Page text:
A diagnosis of autism can be a difficult juncture to get through for both the child as well as the parents. Naturally, this period is filled with uncertainty and confusion. As the child grows up, the way that this diagnosis is addressed largely impacts his self-identity and self-esteem. This is, however, only a little (albeit a significant) part of the big picture that plays a role in developing the child’s concept of self.
Even in today’s day and age, a diagnosis of autism might be attached to a lot of stigma and misconceptions that inadvertently end up affecting the child’s self-concept as he grows up. While society’s perceptions of autism and how they might affect the child are out of the parent’s control, the child’s sense of identity can still be protected by offering the right type of support at home.
Researchers have found that children who were able to find positive meaning or benefits associated with autism were more likely to have greater positive global self-perceptions (Nguyen, et al., 2020). It was also found that adults who saw themselves as having special talents, power in relationships and emotional resilience had greater self-worth irrespective of their autism characteristics.
This process of developing a child’s self-worth and self-esteem starts in childhood and its expression is seen in the teenage years. The child’s first external influences are predominantly his immediate family and caregivers; and so, as a parent of a special child, you can play an important role in the development of your child’s identity and self-esteem.
Here’s how you can encourage the development of a positive identity within your child –
- Normalize the Autism Diagnosis
Like mentioned before, receiving an autism diagnosis can be life-changing for your child. An important thing to do is to make sure that your child understands that there is nothing wrong with being different. To ensure that autism is not associated with shame or embarrassment, it is necessary to have open and honest conversations about the diagnosis with your child. Explain to your child that our differences are what make us unique and without them, the world would be a boring place.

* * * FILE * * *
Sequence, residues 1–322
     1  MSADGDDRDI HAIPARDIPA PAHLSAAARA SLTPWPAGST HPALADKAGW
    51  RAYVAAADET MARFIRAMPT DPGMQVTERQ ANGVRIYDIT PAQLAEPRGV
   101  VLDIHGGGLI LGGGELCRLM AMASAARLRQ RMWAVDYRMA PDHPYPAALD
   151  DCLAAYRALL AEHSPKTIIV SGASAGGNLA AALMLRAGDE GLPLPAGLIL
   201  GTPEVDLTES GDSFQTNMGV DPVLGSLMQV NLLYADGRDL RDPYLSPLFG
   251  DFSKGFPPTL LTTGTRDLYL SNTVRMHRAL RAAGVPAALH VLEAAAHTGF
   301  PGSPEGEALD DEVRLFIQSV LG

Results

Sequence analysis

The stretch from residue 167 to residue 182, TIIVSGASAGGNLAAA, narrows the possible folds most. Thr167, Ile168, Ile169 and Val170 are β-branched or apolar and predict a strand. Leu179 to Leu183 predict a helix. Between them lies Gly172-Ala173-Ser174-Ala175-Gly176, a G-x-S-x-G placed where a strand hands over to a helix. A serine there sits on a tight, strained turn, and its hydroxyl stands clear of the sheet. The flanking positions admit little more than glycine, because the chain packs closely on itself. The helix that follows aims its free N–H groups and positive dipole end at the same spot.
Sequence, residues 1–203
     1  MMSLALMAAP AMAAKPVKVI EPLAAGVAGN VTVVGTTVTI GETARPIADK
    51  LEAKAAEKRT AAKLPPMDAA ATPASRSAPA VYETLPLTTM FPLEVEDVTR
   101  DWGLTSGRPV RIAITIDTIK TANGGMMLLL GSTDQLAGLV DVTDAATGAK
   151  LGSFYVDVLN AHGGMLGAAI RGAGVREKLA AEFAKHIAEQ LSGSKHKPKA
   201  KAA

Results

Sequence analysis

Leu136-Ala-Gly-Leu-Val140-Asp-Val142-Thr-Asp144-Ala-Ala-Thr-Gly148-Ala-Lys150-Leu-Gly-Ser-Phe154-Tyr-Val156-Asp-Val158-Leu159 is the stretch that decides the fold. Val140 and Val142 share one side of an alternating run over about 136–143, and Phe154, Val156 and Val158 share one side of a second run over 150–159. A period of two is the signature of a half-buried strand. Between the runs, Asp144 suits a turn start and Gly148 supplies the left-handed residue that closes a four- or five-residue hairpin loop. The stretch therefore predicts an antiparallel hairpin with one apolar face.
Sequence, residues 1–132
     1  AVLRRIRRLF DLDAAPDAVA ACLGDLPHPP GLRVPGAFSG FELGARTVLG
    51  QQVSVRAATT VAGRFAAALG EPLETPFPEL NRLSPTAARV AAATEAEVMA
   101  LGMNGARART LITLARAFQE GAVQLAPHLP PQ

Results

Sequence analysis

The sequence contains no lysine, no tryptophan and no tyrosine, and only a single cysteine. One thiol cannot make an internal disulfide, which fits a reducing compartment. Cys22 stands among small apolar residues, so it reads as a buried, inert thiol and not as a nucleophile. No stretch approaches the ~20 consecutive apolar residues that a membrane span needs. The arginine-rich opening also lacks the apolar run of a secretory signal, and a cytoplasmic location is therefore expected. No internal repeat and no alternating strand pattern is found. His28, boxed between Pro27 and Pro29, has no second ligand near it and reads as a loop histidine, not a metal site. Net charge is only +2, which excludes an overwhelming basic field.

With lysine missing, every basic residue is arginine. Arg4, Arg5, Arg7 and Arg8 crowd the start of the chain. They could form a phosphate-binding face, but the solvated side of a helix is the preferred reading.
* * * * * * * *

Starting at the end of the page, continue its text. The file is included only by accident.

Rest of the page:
- Support Your Child’s Passions
One of the ways a child feels confident within themselves is through showcasing their skills while doing something that they love. An amazing way to help your child develop a positive identity is through encouraging him to find his special interests and honing his skills in an activity he enjoys. Excelling in an area is something that can help your child gain a sense of accomplishment. Allowing your child the opportunity and support to fulfill their potential through something that they enjoy doing could also have a positive impact on their self-worth.
- Allow Your Child to Make Mistakes
Provide a space for your child where she will not be afraid of failures. Explain to her that making mistakes does not make someone a bad person. If children are made to feel ashamed for their mistakes, it can invariably discourage them to try out new things in the future. For children on the spectrum, navigating everyday life situations often involves a pattern of trial and error that can be difficult for them to handle. It becomes very important to ensure that the child does not end up focusing on her bad days but learns to celebrate her triumphs. When your child does not see herself as less than, she develops a concept of self that is healthy.
- Model Appropriate Ways of Expressing Emotions
Children tend to model the behavior that they often observe around them. If your child sees you handle issues calmly and deal with failures in a healthy manner, chances are that she will learn to model the same behavior. Children on the spectrum might need to be taught ways of dealing with and verbalizing their emotions in a healthy manner. A lot of the time, children tend to observe their parent’s ways of expressing various emotions and try to emulate them. Hence, it is important to model behaviors that will lead to a positive identity and self-worth in your child.
Nguyen, W., Ownsworth, T., Nicol, C., & Zimmerman, D. (2020). How I see and feel about myself: Domain-specific self-concept and self-esteem in autistic adults. Frontiers in Psychology, 11.